Nuclear magnetic resonance imaging (NMRI), usually shortened to magnetic resonance imaging, (MRI), is a non-invasive internal imaging technique used extensively in clinical diagnosis and medical research (Wehrli et al., 1988; Callaghan, 1991). As well as its ability to capture high quality in vitro images, MRI can be performed in vivo without harmful effects (Callaghan, 1991). Here we introduce the principles of magnetic resonance imaging and review its use in entomology. We illustrate the types of images that can be obtained from entomological material both in vitro and in vivo, and we discuss the advantages and disadvantages of MRI over conventional imaging techniques.
Magnetic resonance imaging generally utilizes interactions between protons (1H) in liquid phase molecules (e.g. water and lipids) and magnetic fields. These arise because the protons have a weak magnetic moment, and so behave like tiny magnets. The sample is placed within the bore of a powerful, but biologically harmless, magnet (typically producing a field of 0.5 - 2 Tesla, although magnets up to 17 Tesla strength may be used; as a reference, the Earth's magnetic field is ca. 5 x 10-5 Tesla) and radio-frequency pulses are applied to it. The radio-frequency pulses that must have the appropriate resonant frequency known as the Larmor frequency, interact with protons in the sample, causing them to absorb energy and jump to an excited state. As a result the protons in the sample coherently precess about the applied magnetic field and generate radio waves at the Larmor frequency. This radio-frequency emission is picked up by a receiver coil and the resulting NMR signal is used as the basis for imaging. The NMR signal changes over time depending on the protons' local microenvironment. For example, protons in fats have a different microenvironment than those in water, and thus produce a signal of different frequency. The differences in NMR signals produced by different tissues provide contrast in the image produced. Contrast can also be manipulated by changing the radio-frequency pulse sequence parameters, principally the repetition time and the echo time. In addition to protons, nuclei such as 13C and 31P, also exhibit magnetic resonance and may be used as the basis for imaging.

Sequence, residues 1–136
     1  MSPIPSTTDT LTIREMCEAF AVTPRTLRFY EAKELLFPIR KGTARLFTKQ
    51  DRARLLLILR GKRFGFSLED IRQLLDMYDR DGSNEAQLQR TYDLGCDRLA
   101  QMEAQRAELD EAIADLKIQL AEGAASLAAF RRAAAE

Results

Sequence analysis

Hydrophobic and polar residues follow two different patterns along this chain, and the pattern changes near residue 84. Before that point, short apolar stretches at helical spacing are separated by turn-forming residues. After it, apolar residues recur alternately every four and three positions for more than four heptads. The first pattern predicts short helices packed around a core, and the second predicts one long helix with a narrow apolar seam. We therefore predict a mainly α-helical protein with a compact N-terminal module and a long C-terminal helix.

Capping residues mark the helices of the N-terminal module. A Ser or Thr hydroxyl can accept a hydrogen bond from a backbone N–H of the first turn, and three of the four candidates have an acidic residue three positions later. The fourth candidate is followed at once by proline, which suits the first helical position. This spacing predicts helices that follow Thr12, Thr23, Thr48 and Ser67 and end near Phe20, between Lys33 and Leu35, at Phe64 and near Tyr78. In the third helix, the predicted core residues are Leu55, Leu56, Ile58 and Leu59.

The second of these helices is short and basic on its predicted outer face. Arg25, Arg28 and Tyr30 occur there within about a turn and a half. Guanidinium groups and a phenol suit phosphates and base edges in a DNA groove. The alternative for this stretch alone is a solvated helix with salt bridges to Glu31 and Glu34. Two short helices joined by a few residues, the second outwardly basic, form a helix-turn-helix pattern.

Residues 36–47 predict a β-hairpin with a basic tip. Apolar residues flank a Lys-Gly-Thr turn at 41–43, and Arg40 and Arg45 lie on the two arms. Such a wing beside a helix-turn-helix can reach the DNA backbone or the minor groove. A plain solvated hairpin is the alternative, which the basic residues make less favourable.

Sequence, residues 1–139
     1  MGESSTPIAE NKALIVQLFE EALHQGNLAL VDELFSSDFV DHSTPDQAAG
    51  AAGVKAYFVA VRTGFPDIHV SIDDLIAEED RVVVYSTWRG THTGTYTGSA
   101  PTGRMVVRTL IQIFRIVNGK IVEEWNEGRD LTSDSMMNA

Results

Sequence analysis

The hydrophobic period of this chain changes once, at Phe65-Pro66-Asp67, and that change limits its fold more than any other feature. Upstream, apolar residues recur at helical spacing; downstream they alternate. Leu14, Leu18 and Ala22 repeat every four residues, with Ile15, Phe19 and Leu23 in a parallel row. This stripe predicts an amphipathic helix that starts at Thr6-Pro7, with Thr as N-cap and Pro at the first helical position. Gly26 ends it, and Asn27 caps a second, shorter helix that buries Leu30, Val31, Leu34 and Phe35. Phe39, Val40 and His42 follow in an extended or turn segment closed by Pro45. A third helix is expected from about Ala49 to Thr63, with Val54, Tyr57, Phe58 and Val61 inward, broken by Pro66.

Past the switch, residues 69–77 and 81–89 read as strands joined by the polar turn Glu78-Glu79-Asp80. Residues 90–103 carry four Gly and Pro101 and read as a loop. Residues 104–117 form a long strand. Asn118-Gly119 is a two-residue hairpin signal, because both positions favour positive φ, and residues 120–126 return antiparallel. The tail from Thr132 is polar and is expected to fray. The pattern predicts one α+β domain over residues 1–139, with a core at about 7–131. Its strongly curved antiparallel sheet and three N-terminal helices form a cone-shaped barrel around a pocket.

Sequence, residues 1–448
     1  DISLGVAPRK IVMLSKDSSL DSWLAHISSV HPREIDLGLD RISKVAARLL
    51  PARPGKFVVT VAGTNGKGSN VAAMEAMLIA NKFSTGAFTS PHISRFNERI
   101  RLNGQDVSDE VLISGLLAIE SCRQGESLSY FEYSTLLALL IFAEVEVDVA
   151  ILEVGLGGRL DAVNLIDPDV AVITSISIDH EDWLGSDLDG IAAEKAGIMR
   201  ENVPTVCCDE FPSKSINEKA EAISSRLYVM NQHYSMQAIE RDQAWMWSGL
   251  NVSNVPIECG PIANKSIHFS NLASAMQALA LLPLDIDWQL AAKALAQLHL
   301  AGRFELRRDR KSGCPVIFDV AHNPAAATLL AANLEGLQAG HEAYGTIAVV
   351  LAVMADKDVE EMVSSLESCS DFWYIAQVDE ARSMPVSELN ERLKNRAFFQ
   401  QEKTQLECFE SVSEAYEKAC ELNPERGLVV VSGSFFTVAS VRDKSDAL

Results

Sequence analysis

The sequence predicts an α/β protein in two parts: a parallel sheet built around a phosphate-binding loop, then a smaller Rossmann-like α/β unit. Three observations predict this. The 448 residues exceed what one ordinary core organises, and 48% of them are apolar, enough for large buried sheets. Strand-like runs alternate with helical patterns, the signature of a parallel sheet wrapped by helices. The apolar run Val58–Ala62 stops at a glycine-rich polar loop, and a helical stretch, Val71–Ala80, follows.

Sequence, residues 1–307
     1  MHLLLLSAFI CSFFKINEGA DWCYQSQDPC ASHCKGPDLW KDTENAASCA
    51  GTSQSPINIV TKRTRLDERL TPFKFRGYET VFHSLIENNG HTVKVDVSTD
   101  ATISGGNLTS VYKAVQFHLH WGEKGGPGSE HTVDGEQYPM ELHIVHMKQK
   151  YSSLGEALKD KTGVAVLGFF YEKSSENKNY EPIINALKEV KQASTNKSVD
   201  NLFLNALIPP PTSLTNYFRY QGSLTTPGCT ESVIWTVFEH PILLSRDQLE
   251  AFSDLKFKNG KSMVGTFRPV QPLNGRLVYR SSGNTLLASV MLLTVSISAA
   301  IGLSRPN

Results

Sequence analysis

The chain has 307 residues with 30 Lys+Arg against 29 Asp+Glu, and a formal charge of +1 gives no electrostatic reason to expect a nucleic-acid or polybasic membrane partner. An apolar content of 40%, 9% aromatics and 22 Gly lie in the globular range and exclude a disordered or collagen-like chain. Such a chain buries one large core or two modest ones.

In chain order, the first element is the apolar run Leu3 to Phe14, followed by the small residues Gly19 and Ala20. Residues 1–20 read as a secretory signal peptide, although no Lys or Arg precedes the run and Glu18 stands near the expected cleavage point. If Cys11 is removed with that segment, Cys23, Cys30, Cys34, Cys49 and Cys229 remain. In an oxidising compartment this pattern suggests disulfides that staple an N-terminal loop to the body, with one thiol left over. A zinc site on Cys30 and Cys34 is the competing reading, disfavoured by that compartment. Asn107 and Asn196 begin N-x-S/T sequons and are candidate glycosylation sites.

By applying three orthogonal magnetic field gradients, it is possible to determine the resonance signal from individual volume elements, known as voxels, within the sample. Computer integration and transformation of the signals received from the sample allows a two-dimensional map of proton density to be constructed, which can be visualized as a virtual "slice" through the sample. The resolution of the image is determined by the size of the voxels. Multiple two-dimensional slices through a sample can also be acquireed in different ways to provide a three-dimensional image.